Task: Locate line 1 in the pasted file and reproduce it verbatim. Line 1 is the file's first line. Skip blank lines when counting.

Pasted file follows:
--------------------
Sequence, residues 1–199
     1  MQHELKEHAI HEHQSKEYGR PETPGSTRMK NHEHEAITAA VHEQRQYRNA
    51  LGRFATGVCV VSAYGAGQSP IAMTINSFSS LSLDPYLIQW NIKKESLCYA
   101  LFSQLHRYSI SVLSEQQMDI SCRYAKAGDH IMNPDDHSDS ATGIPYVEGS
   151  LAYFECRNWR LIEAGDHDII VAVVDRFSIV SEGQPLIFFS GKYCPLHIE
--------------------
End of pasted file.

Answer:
Sequence, residues 1–199